The Smith & Wesson Range Jacket meets all those criteria, and then some.  It’s a Western-style lined jacket that’s suitable for temperatures between those that call for just a light wind breaker and those that call for an insulated parka.  It’s not so Western in appearance, though, that wearing it on the East Coast will cause people to think you pretentious.  In other words it blends nicely everywhere; it’s stylish and distinctive without drawing attention to you.  The exterior is made from tough, 10-ounce, water-resistant cotton canvas with contrasting nylon canvas trim.  It comes in three primary/trim colors: khaki/brown, brown/blue, and red/brown.  It has both right and left internal chest-level concealment pockets (with both zipper and snap closures) with a sewn-in elastic holster that fits a small pistol or revolver, as well as a panel of combination hook and loop material.  Thus, you can use your own either hook- or loop-faced nylon holsters to carry a  gun in these pockets if you choose.  (I had no idea that there was such a thing as material that incorporated both hook and loop material, but there is!)  The exterior front flap (snap-closing) pockets are big enough to also carry a small gun, and they have internal organizers for the aforementioned gear that you should be carrying.  Behind these pockets are fleece-lined hand-warmer pockets.  The jacket also incorporates two exterior Napoleon chest pockets (with zip closure), back shoulder gussets with spandex , and snap-closing side vents.  Rounding out the features are exterior lower arm pockets for padding if you choose to put some in (for long-gun shooting) and snap-adjustable cuffs.  The arm pockets could also carry light items like latex gloves, pens, and nylon cuffs if you want.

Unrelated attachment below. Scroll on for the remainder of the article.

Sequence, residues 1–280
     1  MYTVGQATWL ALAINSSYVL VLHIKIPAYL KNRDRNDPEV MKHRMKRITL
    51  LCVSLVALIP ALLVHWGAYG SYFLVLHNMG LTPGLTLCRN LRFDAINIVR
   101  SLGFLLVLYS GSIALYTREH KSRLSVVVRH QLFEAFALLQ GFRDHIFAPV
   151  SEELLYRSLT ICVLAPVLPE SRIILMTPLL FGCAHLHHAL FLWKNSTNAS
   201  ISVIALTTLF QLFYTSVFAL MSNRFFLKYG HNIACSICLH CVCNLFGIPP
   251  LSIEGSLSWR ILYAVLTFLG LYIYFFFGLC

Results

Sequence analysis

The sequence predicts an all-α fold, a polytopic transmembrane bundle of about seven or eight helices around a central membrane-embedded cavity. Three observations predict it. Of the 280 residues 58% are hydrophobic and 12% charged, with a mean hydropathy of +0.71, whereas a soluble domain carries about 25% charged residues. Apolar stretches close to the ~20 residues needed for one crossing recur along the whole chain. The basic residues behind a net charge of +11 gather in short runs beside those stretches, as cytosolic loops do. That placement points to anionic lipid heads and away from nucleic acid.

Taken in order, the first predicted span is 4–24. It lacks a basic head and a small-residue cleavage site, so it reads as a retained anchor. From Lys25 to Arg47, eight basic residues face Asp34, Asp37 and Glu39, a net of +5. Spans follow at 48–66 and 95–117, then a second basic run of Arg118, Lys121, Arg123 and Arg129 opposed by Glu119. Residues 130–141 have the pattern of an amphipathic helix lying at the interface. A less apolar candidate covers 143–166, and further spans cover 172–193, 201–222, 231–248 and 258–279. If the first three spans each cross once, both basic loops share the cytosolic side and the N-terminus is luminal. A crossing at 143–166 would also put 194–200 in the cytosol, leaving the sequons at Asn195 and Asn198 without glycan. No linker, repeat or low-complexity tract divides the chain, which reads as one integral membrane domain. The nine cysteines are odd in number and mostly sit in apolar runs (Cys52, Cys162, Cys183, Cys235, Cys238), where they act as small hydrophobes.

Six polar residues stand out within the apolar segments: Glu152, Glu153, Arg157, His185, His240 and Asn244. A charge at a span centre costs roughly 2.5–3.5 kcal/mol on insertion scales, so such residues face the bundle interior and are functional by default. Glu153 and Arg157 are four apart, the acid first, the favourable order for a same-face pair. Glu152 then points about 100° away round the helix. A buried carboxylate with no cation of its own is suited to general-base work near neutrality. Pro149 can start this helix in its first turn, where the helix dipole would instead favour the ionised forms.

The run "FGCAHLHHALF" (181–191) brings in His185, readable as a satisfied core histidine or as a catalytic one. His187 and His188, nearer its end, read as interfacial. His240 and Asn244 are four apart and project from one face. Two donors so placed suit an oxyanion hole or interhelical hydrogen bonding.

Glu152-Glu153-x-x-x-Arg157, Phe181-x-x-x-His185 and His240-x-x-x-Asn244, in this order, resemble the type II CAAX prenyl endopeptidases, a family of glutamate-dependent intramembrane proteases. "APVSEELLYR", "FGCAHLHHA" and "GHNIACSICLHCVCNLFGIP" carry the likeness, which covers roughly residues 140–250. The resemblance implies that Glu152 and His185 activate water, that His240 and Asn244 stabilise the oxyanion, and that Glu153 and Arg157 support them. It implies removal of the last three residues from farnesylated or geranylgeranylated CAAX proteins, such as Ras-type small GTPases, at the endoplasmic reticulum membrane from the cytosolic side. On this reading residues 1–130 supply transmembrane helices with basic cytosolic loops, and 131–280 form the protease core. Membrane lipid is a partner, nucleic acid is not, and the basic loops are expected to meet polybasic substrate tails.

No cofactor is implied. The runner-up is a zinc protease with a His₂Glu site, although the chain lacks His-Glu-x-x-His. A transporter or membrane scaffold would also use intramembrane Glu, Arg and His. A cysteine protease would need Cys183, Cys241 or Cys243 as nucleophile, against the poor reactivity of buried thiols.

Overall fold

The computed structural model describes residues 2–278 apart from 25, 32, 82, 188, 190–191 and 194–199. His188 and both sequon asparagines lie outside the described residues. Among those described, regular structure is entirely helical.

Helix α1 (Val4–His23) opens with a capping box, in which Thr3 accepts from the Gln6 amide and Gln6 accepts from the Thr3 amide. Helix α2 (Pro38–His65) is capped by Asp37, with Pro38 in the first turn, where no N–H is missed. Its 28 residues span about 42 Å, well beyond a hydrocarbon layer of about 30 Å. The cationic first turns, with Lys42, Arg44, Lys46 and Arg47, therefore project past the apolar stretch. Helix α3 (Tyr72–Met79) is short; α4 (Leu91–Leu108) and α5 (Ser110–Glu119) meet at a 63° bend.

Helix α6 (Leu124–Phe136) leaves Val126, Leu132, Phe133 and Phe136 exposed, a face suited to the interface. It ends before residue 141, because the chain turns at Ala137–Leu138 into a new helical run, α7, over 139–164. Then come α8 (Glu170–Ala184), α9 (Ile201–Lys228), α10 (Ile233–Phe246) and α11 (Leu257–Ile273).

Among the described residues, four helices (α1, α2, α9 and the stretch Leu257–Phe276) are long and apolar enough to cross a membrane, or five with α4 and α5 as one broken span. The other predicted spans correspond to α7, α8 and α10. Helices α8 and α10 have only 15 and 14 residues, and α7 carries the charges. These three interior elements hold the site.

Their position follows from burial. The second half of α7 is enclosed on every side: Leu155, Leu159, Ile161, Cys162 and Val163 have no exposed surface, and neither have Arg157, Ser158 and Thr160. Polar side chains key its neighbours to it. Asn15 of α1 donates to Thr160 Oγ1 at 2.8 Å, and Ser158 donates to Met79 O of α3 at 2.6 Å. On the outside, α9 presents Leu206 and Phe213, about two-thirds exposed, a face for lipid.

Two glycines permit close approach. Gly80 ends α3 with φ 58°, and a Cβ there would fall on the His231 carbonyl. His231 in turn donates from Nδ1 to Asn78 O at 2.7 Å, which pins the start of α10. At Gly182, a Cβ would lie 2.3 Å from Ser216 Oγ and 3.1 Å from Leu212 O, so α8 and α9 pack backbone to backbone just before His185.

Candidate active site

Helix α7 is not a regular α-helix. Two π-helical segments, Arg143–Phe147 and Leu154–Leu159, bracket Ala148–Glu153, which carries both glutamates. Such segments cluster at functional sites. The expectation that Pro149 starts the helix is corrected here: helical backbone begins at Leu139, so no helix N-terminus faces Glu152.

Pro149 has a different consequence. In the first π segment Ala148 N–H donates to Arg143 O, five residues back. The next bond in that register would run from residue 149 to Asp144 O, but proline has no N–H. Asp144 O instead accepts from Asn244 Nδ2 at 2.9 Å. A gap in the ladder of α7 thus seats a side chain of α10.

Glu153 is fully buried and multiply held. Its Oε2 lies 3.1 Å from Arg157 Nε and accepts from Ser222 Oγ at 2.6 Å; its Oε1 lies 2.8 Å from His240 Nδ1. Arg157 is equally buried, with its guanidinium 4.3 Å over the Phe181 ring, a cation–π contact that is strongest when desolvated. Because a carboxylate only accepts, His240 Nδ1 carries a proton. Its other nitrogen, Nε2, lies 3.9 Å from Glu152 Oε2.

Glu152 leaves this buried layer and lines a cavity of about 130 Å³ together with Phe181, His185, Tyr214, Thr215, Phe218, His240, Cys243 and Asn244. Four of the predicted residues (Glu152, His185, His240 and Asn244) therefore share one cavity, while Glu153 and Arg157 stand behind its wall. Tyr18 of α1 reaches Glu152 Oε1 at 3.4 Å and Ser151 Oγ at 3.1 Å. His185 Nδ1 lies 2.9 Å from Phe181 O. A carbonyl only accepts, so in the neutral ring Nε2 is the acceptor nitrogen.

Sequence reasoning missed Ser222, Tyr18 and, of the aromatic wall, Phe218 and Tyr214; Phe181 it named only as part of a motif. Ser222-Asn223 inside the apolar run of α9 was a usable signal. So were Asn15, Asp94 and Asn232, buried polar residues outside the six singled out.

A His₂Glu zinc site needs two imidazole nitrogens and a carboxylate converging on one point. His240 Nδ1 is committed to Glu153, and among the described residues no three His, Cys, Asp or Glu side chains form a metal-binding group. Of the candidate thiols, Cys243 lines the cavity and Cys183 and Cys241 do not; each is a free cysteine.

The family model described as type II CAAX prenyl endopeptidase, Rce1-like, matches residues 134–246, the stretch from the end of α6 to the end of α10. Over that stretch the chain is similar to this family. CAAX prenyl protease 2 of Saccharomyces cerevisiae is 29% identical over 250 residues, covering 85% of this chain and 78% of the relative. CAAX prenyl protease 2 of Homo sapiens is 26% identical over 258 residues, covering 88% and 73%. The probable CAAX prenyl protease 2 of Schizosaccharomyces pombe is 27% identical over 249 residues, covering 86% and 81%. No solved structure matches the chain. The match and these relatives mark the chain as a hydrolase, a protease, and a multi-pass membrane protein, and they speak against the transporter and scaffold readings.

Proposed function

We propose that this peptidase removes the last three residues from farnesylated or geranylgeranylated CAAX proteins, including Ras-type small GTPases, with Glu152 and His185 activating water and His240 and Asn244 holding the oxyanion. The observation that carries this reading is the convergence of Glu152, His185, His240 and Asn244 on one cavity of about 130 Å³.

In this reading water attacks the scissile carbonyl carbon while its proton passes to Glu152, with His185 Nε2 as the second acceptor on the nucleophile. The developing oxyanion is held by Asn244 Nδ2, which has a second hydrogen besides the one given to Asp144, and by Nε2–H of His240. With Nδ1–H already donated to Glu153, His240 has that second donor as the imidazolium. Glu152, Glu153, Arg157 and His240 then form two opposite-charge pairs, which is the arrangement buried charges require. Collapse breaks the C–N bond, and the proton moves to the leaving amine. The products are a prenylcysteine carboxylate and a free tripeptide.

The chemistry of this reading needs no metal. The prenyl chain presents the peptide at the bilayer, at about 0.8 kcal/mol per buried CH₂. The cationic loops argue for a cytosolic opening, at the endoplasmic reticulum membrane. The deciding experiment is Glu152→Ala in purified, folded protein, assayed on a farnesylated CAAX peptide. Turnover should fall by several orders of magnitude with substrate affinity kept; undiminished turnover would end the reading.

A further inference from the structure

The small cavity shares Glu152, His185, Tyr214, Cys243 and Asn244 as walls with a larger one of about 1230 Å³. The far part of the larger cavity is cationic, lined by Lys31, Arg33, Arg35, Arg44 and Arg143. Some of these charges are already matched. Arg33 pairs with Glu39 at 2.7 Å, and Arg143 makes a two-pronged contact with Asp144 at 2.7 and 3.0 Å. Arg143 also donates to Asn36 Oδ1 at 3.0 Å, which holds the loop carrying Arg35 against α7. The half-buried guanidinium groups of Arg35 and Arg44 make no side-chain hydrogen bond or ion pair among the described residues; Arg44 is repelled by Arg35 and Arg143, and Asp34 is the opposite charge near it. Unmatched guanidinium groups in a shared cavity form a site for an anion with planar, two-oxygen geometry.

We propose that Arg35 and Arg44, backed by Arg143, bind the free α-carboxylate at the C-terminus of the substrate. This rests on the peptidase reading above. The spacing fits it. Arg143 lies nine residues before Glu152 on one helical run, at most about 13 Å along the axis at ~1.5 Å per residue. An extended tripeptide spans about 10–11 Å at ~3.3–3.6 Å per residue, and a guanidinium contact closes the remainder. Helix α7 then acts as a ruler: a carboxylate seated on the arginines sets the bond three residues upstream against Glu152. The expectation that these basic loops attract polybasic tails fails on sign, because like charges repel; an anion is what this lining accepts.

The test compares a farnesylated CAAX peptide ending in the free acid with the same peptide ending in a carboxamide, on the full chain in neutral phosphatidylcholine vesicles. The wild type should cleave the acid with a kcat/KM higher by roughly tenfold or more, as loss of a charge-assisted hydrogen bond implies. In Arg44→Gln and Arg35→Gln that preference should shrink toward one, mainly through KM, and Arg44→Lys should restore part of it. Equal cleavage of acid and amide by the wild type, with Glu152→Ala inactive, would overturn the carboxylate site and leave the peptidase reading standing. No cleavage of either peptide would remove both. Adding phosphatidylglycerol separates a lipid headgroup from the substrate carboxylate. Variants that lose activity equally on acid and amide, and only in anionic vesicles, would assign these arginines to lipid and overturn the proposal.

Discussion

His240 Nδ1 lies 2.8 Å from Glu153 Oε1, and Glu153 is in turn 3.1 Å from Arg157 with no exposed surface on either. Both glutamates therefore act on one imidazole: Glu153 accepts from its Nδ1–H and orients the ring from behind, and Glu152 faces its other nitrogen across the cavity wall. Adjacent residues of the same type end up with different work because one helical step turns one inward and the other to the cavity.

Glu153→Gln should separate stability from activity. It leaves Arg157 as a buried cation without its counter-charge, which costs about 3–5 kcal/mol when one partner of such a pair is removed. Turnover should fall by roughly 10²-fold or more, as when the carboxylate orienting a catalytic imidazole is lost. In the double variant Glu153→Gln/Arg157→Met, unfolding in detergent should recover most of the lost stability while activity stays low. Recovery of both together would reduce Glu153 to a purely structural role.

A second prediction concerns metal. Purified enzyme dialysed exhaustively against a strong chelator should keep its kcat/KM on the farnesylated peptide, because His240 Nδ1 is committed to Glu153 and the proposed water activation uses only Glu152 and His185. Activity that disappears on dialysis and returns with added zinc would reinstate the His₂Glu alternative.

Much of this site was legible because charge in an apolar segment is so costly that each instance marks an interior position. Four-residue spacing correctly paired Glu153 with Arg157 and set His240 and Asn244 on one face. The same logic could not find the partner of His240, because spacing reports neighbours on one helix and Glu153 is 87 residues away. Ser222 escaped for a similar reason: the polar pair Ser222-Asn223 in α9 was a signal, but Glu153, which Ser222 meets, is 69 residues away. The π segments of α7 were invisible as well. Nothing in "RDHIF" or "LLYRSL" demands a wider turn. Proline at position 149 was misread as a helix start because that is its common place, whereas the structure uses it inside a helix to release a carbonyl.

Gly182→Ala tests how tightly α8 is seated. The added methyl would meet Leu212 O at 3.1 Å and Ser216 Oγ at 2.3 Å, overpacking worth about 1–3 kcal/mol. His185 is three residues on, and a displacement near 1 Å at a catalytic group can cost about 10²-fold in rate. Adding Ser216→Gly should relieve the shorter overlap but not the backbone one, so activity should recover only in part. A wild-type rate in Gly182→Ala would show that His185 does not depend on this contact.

Some cool features of the Range Jacket are the S&W logo snaps, the revolver-hammer zipper-pulls, and the lining print with reproductions of blueprints of S&W guns from the 1930s.  These are all very subtle touches that won’t draw attention, but they definitely rate high on the cool factor scale!  Finally the fit of the jacket is what I’d call “semi-fitted”. For comparison: I’m 6-even/170-pounds, and the large fits me perfectly; if I was still 180, I might need the XL.